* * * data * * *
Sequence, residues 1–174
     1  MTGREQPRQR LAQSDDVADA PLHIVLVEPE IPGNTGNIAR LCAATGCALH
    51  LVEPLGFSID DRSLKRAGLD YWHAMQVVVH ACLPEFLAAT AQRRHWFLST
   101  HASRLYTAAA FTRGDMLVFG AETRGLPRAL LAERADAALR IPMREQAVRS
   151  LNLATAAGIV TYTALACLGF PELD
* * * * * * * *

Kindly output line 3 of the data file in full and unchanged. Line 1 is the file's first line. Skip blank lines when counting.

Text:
    51  LVEPLGFSID DRSLKRAGLD YWHAMQVVVH ACLPEFLAAT AQRRHWFLST